worst and best of America

There’s a “challenge to the blogosphere” that’s getting a lot of attention: bloggers have been asked to list the Ten Worst Americans of the last 230 years. I find that I am not good at this, partly because I simply don’t know as much American history as I should, and partly because I don’t pay attention to names and biographies as much as to big social trends and institutions. Thus, for example, I had no idea that Harry Ansliger was the “father” of the War on Drugs, although I recognize that policy as a major part of our past and present. So here is a list of Big Bad Things that Americans have done; each one could have a representative individual’s name attached:

1. The Atlantic slave trade and slavery itself

2. The slaughter of Native Americans and the seizure of their land

3. Jim Crow

4. Seccession and the bloody Civil War that followed

5. The Mexican-American War. (I’m very glad that the Southwest is part of the USA, but the conquest was surely immoral.)

6. Occasional waves of political repression, contrary to the Bill of Rights, such as the Alien and Sedition Acts (1798), the Red Scare (1917-1920), the Nisei Interment (1942-5), and the McCarthy Era (1949-54)

7. Self-interested and harmful interventions in weak countries such as Chile, the Dominican Republic, and Angola

8. Massive underinvestment in public spaces and services

9. The flattening of vibrant urban neighborhoods and their replacement with dehumazing modernist designs. (Robert Moses should make the top-ten list.)

10. A coarse popular culture (“popular” around the globe) that glorifies violence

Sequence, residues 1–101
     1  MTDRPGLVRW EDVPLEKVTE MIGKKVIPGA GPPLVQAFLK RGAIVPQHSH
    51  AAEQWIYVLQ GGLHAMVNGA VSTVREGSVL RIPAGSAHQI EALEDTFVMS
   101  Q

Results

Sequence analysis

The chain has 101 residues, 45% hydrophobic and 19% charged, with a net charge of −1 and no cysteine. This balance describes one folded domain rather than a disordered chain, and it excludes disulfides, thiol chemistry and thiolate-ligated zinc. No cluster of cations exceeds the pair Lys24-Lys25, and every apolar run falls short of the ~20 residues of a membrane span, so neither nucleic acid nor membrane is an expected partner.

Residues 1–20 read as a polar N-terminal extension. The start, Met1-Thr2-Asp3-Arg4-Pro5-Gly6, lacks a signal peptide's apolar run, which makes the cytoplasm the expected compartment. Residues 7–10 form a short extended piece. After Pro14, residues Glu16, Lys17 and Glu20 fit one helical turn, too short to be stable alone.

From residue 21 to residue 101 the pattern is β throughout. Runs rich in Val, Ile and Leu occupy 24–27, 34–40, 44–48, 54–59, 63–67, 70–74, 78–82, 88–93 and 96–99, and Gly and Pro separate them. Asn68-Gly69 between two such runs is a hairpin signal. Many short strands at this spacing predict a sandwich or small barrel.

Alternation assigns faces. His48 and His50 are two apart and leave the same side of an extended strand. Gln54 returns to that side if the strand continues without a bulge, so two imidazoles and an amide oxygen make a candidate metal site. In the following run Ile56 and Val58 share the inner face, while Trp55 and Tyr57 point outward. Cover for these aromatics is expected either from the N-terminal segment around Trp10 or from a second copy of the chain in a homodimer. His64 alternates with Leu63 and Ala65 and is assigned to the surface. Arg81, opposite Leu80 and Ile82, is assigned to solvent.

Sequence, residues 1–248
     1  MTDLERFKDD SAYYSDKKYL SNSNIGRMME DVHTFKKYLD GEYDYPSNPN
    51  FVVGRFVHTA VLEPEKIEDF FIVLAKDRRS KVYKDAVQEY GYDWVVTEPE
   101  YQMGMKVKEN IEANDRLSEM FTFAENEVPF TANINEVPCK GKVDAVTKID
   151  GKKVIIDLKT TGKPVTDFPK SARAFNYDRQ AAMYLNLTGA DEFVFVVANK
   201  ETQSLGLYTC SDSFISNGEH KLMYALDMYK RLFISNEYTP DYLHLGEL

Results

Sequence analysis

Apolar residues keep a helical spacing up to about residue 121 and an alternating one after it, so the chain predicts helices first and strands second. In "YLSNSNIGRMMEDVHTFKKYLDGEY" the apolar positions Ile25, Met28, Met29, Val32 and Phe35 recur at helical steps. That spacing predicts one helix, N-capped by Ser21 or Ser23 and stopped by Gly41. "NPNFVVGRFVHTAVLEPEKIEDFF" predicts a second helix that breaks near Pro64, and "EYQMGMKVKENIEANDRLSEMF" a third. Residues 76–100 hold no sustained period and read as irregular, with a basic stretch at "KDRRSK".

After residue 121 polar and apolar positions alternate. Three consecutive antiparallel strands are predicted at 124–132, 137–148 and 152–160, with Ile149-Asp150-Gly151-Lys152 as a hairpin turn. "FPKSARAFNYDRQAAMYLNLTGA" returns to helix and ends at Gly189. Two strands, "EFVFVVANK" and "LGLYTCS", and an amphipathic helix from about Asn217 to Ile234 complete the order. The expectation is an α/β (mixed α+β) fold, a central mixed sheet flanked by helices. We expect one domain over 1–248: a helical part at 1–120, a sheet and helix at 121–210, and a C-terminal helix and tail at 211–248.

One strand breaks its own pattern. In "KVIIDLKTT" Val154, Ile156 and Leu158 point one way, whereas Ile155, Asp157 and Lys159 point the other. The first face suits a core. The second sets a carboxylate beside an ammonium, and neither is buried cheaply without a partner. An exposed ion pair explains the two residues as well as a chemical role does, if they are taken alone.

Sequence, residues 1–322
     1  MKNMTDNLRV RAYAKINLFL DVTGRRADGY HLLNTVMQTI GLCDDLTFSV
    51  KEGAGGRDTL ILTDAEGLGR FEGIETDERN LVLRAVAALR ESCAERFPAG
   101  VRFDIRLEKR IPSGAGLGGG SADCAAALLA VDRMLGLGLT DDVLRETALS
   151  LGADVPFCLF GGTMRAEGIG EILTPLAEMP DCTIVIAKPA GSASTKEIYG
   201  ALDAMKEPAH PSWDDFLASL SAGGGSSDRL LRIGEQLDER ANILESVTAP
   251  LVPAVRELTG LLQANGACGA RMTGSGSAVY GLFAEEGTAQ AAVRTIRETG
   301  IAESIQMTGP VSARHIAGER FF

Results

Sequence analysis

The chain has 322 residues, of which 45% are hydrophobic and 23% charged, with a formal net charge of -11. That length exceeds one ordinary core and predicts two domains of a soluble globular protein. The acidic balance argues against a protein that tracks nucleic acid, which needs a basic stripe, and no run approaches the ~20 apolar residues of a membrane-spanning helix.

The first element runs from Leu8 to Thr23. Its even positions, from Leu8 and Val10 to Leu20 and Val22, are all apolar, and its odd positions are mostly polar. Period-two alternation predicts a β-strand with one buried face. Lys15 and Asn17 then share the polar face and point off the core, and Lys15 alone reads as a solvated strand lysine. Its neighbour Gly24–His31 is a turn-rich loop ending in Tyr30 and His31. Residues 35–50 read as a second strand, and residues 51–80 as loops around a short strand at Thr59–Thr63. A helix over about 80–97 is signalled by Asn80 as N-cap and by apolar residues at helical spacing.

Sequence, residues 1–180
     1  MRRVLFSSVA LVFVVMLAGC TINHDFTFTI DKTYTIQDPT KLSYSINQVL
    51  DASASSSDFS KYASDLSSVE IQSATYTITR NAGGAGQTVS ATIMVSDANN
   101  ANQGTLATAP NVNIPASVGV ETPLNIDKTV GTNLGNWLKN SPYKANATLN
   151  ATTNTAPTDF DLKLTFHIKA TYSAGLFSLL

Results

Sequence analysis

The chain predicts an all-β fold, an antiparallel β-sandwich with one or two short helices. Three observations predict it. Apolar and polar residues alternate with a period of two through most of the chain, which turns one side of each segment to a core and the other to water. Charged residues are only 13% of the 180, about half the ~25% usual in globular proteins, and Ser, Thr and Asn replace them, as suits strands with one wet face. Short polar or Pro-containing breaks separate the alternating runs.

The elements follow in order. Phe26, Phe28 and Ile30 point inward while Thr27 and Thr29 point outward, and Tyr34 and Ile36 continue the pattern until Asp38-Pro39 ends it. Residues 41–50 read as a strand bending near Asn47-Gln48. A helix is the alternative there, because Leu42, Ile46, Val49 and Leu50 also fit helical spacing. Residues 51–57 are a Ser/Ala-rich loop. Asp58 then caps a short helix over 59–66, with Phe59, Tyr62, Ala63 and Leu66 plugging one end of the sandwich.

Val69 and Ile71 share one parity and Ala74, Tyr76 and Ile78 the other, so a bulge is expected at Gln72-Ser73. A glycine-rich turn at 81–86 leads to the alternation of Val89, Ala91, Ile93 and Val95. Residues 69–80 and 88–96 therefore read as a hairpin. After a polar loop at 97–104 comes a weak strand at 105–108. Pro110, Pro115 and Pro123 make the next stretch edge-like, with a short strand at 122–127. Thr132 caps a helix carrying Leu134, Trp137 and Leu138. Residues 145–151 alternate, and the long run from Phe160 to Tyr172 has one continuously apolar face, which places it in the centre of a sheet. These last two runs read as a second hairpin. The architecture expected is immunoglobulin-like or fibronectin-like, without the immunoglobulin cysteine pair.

It would be terribly one-sided to list the bad without the good. To balance the above list, here’s a Positive Top Ten:

1. The Madisonian system of republican government with ordered liberty that has worked on a large scale for more than two centuries and proved that such a regime is possible

2. A democratic culture in which people are rough social equals, and status (especially inherited status) is relatively unimportant

3. Sustained prosperity born of freedom to innovate, optimism, and public investment in human beings

4. The absorption of waves of “huddled masses,” who have not been forced to renounce their diversity

5. The defeat of Nazism

6. Jazz

7. The Civil Rights Movement as a model for nonviolent social change in a modern society

8. The New Deal, especially as embodied in the great mid-twentieth century American cities with their solid systems of health, education, housing, transportation, and recreation

9. Restraint in war and international affairs, especially after the US became a nuclear-armed superpower

10. New York City as the world’s cultural capital, especially ca. 1930-1960 as modernism peaked and shifted to post-modernism

The last item is eccentric (although I happen to believe it). There would be excellent reasons for including the Bill of Rights, the Abolition Movement, the Morrill Act, the GI Bill, and the Marshall Plan on the positive top ten.

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